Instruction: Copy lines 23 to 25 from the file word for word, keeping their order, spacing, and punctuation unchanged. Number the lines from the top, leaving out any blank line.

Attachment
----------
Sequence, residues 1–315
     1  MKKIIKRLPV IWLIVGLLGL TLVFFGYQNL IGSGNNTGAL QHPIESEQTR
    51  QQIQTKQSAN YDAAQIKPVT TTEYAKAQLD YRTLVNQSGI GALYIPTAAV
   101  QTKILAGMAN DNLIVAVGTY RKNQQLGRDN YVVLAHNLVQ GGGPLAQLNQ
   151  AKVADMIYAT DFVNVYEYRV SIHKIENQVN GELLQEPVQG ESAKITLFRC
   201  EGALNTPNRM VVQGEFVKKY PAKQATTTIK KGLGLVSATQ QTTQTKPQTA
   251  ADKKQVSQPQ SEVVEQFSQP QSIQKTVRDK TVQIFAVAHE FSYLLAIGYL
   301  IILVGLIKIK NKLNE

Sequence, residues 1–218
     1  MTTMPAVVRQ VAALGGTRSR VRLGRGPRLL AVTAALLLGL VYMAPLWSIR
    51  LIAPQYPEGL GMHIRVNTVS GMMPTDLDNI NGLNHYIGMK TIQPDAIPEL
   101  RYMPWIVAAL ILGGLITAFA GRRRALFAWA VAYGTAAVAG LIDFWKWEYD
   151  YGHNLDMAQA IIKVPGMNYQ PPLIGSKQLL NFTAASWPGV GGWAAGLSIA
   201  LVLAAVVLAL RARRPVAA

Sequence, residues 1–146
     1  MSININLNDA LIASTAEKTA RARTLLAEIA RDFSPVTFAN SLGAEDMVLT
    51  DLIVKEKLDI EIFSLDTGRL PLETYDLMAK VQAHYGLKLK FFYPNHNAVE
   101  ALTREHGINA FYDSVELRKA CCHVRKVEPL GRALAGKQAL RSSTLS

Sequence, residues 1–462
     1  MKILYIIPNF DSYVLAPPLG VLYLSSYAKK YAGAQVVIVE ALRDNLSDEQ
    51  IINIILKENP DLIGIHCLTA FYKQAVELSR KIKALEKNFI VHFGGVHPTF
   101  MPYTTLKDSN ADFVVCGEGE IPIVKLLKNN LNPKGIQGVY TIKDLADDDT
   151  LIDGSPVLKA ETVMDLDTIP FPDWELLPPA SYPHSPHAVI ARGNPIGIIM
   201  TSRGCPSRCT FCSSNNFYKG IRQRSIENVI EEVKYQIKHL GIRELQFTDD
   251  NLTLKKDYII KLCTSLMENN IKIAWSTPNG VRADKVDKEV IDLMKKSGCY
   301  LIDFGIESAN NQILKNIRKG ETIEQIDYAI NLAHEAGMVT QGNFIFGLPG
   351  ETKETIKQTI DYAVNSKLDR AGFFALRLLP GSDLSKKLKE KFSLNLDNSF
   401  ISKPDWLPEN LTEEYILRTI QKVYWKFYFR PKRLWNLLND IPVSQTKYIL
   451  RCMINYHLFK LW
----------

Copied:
   151  LIDGSPVLKA ETVMDLDTIP FPDWELLPPA SYPHSPHAVI ARGNPIGIIM
   201  TSRGCPSRCT FCSSNNFYKG IRQRSIENVI EEVKYQIKHL GIRELQFTDD
   251  NLTLKKDYII KLCTSLMENN IKIAWSTPNG VRADKVDKEV IDLMKKSGCY